Expedition Halley gives you the opportunity to develop and use many skills, like problem solving, risk assessment, communication, strategic planning, mathematics and business mangement.
Invest in space companies to make money, buy a spaceship, travel to Halley's Comet and photograph it... if you can!
But beware of stock market crashes, alien pirates, rust in your rockets, and dastardly fellow players. The road to the comet is a hard one.
A game for 2-6 players, aged 12 and up.
UPDATE 23/09/08: We have been advised of a price increase. This game now retails for approx nz$56.90.
UPDATE 03/09/11: After a request from a reader, we have attempted to make contact with the manufacturer. Unfortunately, we have been unable to and research indicates this product may no longer be available anywhere.
I found this game to be very similar to pick a path books. It started out quite informative and benificial about the sharemarket and was explained reasonably well.
When we moved onto the second stage of the game - heading to the comet, it lost some of its punch.
For space enthusiasts it could be quite enjoyable, and not a bad game to pass the time.
I wasn't sure what to expect from this game... after reading the blurb on the back I figured there was going to be some 'raising money' aspect and then some 'buying stuff' aspect too... I was kinda right I suppose...
The first half of the game involves running around the board in various directions, thus affecting the price of the various stock companies. You can only buy certain stocks depending on the square you land on, and can always sell stocks, and thus you attempt to raise money.
I found this aspect of the game to be quite fun, with the mental stimulation of trying to assess a particular stock's potential earning power based on the number of times its price changes, what its peak price is, how likely the odds of reaching that peak are, etc... it soon became clear that it's unwise to simply look at the top value of a stock, as it rarely reaches that point, but instead you should look at the top 3-5 values, as it will probably reach that region. If only the REAL stock market had that kind of reliability.
The second part of the game is where it kinda fell over for me. After about an hour and a half of trying to kick the 'Monopoly' habit of holding some cash in hand in case of unexpected rental payments... something this game doesn't have... and running around the board... we all got a bit tired of it, so just shuffled the spaceship cards and each team selected one at random, same with the cameras and solar umbrella... then we all progressed on to Phase 2... this is where it turned into a 'Twist-a-Plot' style game, with a booklet of paragraphs, each describing some action or event... and of course a conditional link to one or more other paragraphs... it got a bit tedious after a short while.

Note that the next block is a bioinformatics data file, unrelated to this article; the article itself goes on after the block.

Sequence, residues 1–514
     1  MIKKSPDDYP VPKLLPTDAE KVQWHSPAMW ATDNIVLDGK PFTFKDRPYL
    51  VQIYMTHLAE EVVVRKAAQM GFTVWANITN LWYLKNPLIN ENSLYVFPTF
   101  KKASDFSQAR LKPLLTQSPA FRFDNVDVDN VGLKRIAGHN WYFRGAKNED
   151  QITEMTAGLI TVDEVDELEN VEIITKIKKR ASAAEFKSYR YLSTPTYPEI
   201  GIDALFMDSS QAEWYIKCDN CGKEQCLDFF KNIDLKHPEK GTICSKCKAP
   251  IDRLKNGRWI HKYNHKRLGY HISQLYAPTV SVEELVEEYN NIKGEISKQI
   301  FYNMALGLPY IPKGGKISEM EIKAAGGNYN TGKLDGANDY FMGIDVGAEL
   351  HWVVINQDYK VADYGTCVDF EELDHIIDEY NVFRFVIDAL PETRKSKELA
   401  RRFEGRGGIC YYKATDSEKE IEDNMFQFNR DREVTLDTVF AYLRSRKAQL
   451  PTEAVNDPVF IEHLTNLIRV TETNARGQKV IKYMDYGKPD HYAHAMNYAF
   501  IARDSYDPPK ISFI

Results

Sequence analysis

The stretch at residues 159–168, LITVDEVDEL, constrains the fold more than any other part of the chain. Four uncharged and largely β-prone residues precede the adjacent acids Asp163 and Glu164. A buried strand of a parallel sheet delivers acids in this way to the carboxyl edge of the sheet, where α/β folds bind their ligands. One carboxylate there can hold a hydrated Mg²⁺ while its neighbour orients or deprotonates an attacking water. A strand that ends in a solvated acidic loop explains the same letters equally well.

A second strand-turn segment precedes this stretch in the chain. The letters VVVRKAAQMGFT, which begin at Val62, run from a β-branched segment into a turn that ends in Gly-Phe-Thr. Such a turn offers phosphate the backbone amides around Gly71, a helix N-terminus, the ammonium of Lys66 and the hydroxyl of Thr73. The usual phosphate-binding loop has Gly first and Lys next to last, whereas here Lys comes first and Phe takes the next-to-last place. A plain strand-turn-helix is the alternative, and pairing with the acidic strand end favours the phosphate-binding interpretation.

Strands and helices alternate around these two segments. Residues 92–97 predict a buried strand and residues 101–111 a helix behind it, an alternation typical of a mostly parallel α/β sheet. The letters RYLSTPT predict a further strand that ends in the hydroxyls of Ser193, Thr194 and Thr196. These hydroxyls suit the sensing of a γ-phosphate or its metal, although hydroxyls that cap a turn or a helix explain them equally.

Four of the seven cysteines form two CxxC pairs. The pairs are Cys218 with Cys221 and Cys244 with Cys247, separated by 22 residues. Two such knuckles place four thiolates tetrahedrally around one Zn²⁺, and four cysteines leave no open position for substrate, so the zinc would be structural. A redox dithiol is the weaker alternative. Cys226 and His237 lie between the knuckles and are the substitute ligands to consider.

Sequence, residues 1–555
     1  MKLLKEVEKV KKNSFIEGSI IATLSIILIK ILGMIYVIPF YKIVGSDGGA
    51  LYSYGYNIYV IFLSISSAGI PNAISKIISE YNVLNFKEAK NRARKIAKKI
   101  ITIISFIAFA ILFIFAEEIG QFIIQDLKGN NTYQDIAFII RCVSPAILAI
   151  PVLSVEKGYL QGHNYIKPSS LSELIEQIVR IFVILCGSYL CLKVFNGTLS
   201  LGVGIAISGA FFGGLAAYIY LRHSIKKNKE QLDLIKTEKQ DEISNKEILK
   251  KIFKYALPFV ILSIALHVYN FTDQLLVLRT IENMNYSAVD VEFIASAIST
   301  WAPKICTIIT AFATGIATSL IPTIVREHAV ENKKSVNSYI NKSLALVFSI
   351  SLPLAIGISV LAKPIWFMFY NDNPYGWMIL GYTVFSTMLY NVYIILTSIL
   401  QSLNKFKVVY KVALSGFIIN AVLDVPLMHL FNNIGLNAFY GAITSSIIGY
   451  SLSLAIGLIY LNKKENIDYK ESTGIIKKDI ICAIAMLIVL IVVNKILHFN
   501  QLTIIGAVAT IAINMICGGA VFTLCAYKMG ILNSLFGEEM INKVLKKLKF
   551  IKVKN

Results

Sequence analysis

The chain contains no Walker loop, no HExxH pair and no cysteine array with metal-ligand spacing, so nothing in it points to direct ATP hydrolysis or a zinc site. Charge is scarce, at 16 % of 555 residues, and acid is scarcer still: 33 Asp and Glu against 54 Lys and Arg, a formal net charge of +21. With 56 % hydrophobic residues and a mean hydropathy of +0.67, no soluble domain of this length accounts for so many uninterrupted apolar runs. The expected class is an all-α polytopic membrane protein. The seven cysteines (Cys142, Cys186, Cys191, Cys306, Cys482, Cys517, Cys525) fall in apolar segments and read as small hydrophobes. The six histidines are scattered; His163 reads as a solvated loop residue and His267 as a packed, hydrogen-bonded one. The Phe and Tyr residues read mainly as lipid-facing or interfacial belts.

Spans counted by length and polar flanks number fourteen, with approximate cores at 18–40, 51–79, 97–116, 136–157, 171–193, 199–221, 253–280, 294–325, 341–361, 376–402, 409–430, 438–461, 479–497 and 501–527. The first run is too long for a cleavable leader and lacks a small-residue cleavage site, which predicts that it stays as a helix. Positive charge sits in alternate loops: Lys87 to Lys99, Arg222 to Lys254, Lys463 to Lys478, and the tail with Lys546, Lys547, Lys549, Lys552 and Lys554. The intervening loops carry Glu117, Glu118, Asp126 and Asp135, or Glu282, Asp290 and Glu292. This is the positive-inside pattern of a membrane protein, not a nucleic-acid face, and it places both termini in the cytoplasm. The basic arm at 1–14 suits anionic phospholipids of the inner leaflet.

Overall, though it's not the greatest game I have played, I am sure that it will be one of those whose appeal lies mostly with the dedicated science fans... and it'll grow on you if you play it a few times I suppose. You can speed the game up a bit by starting off with more than the recommended $200k (we started with an extra half-mil) or by shuffling the ship and/or camera cards and selecting one at random. It's not a bad game, it's just one that would have it's best appeal to a niche market. So if you like a bit of a brain-workout, with a bit of a run-around afterwards, have a look at this one.
This game was kind of interesting to learn, and had aspects I found quite thought-provoking. The stock market part of the gameplay was great for providing strategy and a means of possibly increasing your wealth while having a chance to screw over your opponent at the same time. The table in the centre of the game board was easy to follow and understand. There were squares on the board which allowed for the option of changing the direction you travelled.
Once you get past the first level of play, the rules and game play, for me, became more like a choose your own adventure book. This was an ok idea for the game, but it did tend to slow play down and meant a greater amount of confusion as to who won, and how.
Not my most favourite game ever, but I am sure if I play often enough I'll get used to the aspects that frustrate the most.
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